Improving Hawaii’s Water Quality: Selecting Sites for Riparian Restoration in a GIS
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The southern windward side of Hawaii, known as the Ko`olaupoko Moku, is comprised of twenty-one watersheds and three bays. Changes in agricultural practices and recent rapid urbanization have had a significant impact on Hawaii’s water quality, and the Ko`olaupoko Moku is no exception. Eleven of the streams in the Ko`olaupoko Moku and portions of all three of its bays are considered impaired waters by the Hawaii Department of Health (HDOH) and the Environmental Protection Agency (EPA). In order to protect the unique marine and fresh water ecosystems of this region, riparian restoration is an imperative step in improving water quality. The purposes of this project are threefold. First, to describe the challenges facing water quality in the Ko`olaupoko Moku. Second, to develop a Geographic Information System (GIS) model which maps precision riparian buffers using the Riparian Buffer Delineation Equation (RBDE). Finally, to identify sites appropriate for implementing riparian restoration.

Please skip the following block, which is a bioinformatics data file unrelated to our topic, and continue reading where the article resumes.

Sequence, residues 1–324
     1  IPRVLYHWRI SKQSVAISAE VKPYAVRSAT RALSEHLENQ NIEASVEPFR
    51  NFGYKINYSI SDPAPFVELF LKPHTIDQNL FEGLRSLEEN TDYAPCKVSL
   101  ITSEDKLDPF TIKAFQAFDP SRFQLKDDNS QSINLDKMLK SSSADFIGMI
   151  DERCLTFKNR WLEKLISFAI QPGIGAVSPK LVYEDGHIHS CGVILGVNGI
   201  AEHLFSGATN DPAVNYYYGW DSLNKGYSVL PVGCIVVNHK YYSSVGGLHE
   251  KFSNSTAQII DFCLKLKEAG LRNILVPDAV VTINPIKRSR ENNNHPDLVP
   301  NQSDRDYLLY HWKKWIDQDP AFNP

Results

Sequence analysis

CitationLavalle, Neoma M. (2007). Improving Hawaii’s Water Quality: Selecting Sites for Riparian Restoration in a GIS. Master's project, Duke University. Retrieved from https://hdl.handle.net/10161/348.
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Rights for Collection: Nicholas School of the Environment